This App Allows You to Light Up the Stockholm Sky

The amazing Colour by Numbers at Telefonplan | © Holger.Ellgaard/Wikicommons
The amazing Colour by Numbers at Telefonplan | © Holger.Ellgaard/Wikicommons
Photo of Jozef Brodala
28 December 2017

Stockholm is a city that has always loved and encouraged the installation of public art. Alongside its superb galleries, such as Moderna, Fotografiska and Fargfabriken, Stockholm treats its citizens to art on the streets, on its buildings and even down in the subway.

Each day, both locals and visitors flock to see the statue of musician Evert Taube on the island of Kungsholmen and the incredible SHH, QUIET, LISTEN sculpture on the Royal College of Music building. Everyone’s daily commute is always enlivened by the art that adorns the walls of over 90 of Stockholm’s subway stations.

An innovative art installation in the southern part of the city aims to go further than just giving people something to look at, by giving people the opportunity to participate in and to influence the art itself. It was first opened in 2006 as a temporary project and ran until 2007. However, it proved so popular and became such an important part of the Stockholm public art scene that it was brought back in 2011. Since then, it has been a permanent fixture right by Telefonplan subway station.

Called Colour by Numbers, it was created by a collaboration between interaction designer Loove Broms, architect Milo Laven, and artist Erik Krikortz. They wanted to turn a disused tower in a part of Stockholm, once the headquarters of Ericsson, into something the public could enjoy. They, therefore, decided to install lights of different colours into the old tower and set up a system that would allow members of the public to change the lights and thus feel as if they were controlling and contributing to the art they were seeing.

Telefonplan subway station with the tower in the distance | © Jonas Bergsten/Wikicommons

Initially, you had to call in and use a number in order to control the tower. The year 2006 was a time before apps, and the internet wasn’t something many people carried around in their pockets. People could use their phone keypad to indicate which of the nine floors they wanted to light up and what colour they wanted it to be. This might seem cumbersome now, but it was popular enough that the tower was featured widely in the Swedish and international media as well in a number of novels about the city, including Arne Dahl’s book Himmelsoga which proved to be very popular in Sweden. The fact that you could choose how to light up the night sky was something Stockholmers and tourists absolutely loved.

After initially closing in down in 2007, it became clear that the project was popular enough to be continued, and when it was relaunched, it came with an app that made it far easier to control the tower lighting. You can still phone in and use your keypad, but the app makes it much simpler and far more 21st century. It has continued to grow in popularity and was even featured on the very popular show Travel Man, where host Richard Ayoade and actress Sally Phillips travelled down to Telefonplan in order to visit the attraction. You can even see what is currently happening at the tower using the live stream.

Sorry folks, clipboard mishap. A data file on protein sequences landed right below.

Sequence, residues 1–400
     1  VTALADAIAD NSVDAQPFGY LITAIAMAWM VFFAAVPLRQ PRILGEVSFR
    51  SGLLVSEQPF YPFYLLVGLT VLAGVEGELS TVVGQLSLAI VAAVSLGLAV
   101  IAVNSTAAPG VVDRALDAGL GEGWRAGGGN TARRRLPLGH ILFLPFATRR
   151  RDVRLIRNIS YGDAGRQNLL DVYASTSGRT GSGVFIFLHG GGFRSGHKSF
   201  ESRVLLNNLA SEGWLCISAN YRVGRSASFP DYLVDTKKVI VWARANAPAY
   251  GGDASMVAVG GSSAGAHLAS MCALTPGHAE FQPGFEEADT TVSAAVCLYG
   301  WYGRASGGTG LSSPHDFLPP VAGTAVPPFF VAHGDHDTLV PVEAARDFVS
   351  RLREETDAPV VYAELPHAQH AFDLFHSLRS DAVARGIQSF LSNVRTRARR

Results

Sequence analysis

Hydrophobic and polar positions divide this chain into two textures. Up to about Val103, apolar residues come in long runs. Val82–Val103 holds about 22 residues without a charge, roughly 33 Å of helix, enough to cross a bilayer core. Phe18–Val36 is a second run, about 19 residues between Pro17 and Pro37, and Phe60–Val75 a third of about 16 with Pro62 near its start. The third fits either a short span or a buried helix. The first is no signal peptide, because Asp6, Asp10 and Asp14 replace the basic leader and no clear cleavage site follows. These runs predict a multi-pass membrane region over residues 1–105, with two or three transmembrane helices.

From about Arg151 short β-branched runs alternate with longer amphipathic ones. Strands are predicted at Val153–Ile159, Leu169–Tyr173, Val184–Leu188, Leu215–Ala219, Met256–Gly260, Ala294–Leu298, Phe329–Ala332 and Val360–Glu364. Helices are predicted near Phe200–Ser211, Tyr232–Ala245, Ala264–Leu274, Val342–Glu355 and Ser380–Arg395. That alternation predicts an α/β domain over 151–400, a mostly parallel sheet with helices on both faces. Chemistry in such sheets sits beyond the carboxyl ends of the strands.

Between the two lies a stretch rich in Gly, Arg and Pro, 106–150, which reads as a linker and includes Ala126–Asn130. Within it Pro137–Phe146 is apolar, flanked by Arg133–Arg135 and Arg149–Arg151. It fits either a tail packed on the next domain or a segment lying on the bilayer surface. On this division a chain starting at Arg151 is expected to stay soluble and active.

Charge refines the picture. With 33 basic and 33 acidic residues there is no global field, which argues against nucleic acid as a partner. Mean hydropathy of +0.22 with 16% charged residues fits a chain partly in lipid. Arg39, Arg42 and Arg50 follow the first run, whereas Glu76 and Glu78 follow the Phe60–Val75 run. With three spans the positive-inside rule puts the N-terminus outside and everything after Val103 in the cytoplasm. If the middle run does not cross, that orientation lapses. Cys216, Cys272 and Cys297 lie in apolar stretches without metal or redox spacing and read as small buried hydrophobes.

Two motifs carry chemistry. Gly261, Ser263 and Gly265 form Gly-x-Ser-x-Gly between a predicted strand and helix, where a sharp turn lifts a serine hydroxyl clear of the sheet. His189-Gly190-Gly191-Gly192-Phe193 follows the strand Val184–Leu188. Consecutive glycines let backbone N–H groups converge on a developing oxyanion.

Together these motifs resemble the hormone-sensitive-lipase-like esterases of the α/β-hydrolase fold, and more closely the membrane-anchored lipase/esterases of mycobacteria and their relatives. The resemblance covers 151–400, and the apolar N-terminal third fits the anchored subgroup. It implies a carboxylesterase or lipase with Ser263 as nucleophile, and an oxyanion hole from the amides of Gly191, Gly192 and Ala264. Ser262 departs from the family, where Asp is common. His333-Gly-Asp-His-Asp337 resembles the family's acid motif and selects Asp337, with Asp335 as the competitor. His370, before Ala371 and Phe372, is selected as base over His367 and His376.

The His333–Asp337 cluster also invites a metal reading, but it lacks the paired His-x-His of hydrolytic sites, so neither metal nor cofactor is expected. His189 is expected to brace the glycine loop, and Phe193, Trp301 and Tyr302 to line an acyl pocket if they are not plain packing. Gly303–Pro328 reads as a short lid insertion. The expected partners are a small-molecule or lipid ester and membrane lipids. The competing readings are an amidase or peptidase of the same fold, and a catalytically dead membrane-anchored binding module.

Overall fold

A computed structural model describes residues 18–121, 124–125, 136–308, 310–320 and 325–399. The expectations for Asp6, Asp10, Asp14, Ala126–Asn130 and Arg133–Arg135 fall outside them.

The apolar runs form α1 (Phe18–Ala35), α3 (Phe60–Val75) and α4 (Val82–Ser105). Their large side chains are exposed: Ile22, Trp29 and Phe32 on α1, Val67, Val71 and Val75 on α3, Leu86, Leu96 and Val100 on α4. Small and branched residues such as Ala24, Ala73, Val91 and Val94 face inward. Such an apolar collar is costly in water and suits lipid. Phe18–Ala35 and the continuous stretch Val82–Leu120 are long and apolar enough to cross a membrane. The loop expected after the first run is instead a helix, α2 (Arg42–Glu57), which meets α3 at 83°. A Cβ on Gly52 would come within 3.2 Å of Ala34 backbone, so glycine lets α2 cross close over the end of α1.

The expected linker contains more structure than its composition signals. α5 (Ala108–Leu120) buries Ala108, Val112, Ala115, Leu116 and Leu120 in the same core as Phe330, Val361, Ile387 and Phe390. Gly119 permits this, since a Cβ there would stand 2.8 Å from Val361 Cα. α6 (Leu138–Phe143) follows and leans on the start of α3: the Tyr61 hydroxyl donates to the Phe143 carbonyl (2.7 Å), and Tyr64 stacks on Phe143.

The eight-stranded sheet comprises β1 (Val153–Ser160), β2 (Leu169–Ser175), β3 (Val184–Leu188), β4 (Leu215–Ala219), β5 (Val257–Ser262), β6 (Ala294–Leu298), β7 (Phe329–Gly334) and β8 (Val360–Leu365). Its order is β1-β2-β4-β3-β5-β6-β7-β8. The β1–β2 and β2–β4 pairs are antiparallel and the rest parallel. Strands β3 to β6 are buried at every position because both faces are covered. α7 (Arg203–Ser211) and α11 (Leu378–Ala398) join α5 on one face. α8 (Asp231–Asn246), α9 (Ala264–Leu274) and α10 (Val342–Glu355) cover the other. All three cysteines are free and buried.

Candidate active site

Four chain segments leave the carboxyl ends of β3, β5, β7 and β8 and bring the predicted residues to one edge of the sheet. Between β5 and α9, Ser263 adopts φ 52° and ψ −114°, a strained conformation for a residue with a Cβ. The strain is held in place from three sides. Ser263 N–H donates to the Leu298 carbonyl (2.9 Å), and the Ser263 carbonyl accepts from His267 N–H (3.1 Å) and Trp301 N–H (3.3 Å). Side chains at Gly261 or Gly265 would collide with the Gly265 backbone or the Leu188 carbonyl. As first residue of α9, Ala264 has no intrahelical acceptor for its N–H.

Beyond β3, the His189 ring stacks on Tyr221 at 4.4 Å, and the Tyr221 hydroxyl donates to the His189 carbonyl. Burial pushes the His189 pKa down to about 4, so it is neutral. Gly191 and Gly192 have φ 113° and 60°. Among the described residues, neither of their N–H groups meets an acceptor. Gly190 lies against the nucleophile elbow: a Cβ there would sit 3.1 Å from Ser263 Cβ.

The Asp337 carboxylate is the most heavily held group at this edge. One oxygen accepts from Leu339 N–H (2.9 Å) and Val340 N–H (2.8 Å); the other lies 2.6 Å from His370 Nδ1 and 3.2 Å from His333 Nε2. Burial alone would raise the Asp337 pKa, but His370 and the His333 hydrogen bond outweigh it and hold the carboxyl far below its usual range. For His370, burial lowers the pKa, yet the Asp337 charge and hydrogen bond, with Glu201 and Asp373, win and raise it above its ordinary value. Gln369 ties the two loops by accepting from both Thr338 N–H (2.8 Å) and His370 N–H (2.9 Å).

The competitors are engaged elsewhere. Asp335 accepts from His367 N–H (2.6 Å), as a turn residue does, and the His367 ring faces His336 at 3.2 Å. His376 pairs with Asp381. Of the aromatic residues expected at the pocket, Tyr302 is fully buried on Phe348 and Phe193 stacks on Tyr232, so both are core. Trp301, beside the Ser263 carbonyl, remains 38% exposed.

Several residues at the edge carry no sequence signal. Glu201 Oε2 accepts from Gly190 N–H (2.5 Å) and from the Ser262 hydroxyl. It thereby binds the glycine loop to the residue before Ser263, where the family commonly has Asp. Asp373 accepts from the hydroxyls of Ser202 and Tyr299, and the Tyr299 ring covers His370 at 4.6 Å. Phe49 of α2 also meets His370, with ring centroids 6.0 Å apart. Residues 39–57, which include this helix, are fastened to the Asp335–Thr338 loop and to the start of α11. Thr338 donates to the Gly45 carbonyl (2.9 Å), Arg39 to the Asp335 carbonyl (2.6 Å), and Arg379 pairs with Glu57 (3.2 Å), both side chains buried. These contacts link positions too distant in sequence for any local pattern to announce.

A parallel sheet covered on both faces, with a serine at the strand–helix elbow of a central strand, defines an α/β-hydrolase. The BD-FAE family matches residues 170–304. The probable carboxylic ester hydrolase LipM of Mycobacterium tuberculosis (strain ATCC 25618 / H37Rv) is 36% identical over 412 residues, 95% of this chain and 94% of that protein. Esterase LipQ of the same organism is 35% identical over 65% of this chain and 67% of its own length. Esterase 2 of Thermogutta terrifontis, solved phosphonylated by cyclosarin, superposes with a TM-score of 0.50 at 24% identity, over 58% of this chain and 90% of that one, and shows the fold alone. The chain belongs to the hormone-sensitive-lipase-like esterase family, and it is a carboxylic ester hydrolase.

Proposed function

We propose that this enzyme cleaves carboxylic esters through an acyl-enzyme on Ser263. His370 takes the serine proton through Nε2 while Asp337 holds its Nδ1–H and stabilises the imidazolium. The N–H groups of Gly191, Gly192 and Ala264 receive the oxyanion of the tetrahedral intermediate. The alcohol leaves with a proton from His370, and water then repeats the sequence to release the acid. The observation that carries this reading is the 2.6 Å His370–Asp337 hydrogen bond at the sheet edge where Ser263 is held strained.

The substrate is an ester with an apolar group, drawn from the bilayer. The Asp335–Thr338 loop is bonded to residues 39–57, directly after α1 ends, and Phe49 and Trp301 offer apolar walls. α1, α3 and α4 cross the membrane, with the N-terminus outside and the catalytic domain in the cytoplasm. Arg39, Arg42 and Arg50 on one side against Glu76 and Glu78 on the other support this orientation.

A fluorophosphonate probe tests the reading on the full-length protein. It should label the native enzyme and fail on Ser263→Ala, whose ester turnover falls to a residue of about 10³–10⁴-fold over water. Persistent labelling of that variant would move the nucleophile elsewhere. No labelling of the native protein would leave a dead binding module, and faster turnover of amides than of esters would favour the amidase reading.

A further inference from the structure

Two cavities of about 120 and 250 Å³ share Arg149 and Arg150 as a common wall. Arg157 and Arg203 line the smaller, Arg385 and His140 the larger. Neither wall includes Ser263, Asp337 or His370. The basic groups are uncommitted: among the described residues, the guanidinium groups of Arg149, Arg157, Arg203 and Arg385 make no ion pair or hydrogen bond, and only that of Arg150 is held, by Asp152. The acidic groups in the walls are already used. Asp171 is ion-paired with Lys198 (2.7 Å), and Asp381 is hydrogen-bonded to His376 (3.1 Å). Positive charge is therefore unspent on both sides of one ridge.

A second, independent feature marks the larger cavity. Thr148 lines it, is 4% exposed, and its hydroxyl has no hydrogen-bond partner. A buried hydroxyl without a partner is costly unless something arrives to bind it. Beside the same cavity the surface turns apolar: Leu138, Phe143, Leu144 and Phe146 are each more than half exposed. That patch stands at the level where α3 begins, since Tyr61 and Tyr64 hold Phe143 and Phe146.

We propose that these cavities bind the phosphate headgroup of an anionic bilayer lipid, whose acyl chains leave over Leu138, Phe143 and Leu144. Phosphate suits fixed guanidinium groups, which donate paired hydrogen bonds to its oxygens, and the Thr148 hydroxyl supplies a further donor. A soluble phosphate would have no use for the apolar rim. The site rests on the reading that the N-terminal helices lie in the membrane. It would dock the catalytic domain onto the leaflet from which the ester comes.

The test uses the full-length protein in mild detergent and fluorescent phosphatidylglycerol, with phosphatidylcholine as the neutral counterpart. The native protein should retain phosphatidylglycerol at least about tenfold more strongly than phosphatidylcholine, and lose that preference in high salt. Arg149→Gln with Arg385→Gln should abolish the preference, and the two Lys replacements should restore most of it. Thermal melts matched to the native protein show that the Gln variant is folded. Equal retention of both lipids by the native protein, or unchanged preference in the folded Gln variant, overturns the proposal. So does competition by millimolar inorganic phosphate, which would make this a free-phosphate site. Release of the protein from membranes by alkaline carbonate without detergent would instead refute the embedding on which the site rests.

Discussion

Along with giving Stockholm another exceptional piece of art that be can be enjoyed by everyone, it has also brought more people to Telefonplan. This is a part of Stockholm that was once bustling and busy, but when Ericsson moved to Kista (Stockholm’s silicon valley), Telefonplan in the south west of the city had little left to attract people. The tower has created more opportunities and now one of Stockholm’s best hamburger places, Svenska Hamburger Koket, is located here. There is a broad selection of beers to enjoy with the brilliant burgers.

Ericsson’s old offices at Telefonplan with the tower | © Jonas Bergsten/Wikicommons

One of Stockholm’s most well-loved alternative clubs and restaurants is also just steps away from the tower. Landet has even been reviewed by The Guardian, such is its popularity. With its excellent food, as well as a dance floor where you can groove to indie and alternative music, it is a superb place to visit. The Swedish University College of Arts has also decided to take over several buildings in the area. Of course, not all of this is because of the tower, but it does seem to have helped put Telefonplan on the map again after the area lost of one of Sweden’s largest companies.

A visit to the tower can now be more than just a quick jaunt down to the south of the city. You can spend a whole evening in the area with wonderful places to grab some food and dance the night away. Essential maintenance is currently being carried out on the tower, but it will be back lighting up the Stockholm sky in the new year. The opportunity to participate in a great art project is very special, and something that has made a real difference in Sweden’s capital.

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